According to the conversation I'm recalling, Victory Games' James Bond 007 was the first fourth generation RPG. At the time, I think we based this more or less entirely on the fact that it featured a one-roll task resolution system, where margin of success or failure determined additional outcomes (damage, winnings at the gambling table, etc.) Looking back, I think there were several other features that marked it as such: it was the first really successful licensed game; it was completely devoted to genre-emulation instead of simulation: there were elements clearly at variance with reality that jibed with James Bond's world, and that was how it should be; there were mini-games scattered throughout that utilized the one-roll task resolution system to add suspense to actions that might otherwise be handled by a simple "roll to see if you succeed" approach. Other games in this generation (IMO) include Marvel Super-Heroes, DC Heroes, Conan, Chill, Ghostbusters, and Star Wars.
(By this point, the astute reader might notice that these generations are not precisely chronological. GURPS post-dates a number of fourth generation games by a couple of years. But it's clearly a third generation design, being the bastard lovechild of Champions and In the Labyrinth.)
Arguably, Vampire: the Masquerade is also a fourth generation game. But it kicked things off in another direction, and I'm happy to concede that the Storyteller System marks, if not a huge mechanical shift in RPGs, a massive philosophical one. Pretty much everything that's come out since has been a response to it, either taking the same philosophy further from the previous generations or recoiling in horror and retreating to more comfortable territory. And because I like multiples of five, I'll grant it fifth generation status.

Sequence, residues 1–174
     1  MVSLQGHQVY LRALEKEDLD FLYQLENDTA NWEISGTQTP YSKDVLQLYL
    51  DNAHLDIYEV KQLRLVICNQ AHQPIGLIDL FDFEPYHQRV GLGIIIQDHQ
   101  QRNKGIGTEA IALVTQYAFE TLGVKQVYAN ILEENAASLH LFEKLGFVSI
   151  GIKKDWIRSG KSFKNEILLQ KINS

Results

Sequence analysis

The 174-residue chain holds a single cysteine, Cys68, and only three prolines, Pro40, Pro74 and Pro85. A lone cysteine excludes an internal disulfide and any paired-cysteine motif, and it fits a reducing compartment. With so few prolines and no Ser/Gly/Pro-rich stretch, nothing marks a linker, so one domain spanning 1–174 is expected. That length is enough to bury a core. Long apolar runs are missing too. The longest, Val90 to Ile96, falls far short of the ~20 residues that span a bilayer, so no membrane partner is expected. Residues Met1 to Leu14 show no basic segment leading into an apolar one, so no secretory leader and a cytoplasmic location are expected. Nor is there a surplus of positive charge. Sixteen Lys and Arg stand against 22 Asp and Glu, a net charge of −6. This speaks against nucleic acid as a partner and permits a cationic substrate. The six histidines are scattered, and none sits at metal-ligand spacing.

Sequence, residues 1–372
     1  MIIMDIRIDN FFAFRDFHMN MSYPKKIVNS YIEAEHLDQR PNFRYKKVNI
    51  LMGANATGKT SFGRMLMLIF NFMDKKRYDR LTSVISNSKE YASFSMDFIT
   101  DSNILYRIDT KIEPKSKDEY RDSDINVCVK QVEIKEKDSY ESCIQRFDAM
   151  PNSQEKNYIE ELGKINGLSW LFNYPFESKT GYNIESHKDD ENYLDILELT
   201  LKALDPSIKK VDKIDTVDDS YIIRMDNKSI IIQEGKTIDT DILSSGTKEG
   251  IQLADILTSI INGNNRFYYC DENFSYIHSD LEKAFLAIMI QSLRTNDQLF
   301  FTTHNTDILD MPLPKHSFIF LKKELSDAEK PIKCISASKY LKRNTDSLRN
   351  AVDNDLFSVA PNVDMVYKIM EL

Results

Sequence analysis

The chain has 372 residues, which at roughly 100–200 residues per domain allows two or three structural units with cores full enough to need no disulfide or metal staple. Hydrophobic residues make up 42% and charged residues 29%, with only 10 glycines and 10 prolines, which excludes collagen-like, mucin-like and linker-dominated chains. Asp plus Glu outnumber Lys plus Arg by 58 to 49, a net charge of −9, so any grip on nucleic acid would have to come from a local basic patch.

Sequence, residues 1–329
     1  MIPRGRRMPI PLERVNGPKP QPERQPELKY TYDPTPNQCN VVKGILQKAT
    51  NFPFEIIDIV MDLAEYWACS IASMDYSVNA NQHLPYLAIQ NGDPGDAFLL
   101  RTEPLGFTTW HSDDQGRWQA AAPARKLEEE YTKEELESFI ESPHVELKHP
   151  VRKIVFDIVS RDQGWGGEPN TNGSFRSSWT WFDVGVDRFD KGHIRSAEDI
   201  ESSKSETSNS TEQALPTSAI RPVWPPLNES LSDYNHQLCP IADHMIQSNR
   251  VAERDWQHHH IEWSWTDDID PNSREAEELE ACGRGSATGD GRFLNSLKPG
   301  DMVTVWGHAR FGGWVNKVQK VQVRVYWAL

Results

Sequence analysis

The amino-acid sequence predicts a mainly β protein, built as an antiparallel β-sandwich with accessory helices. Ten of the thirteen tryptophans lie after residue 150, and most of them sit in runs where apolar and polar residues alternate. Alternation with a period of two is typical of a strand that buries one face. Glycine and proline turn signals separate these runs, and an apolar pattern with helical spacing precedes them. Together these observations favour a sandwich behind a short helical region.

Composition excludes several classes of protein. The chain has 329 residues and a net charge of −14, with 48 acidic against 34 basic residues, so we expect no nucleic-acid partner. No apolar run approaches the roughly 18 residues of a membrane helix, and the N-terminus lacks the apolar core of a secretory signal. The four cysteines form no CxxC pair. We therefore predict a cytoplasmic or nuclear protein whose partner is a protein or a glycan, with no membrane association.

So what does this mean, really? Not a lot. I still love playing Champions. It's certainly changed a great deal from the game I first played in 1982, with loads of rules and improvements. But even with a Sixth edition and pretty hardback books, I still consider it a third generation RPG at heart. And I have no desire to go back and play the 1st edition rules. Seriously, they were an incredible leap forward in the design of RPGs, but to my modern eye, they're diamonds in the rough, still mired in the ground trod by those who came before. (Also, Mechanon didn't have Life Support. That always cracks me up.) If I'm going to play it, I'll take the new rules, thank you kindly. To my mind, that doesn't make me New-School. I still think of Champions as one of the granddaddies of superhero games. It's still Old-School in terms of the core mechanics; it's just been fine-tuned over the years.
So yeah, I play story-driven games with non-random character creation. And I play them sitting at a table with my friends, with paper and dice, and bags full of unhealthy snacks. And it's that last part, if anything, that makes me an Old-School Gamer.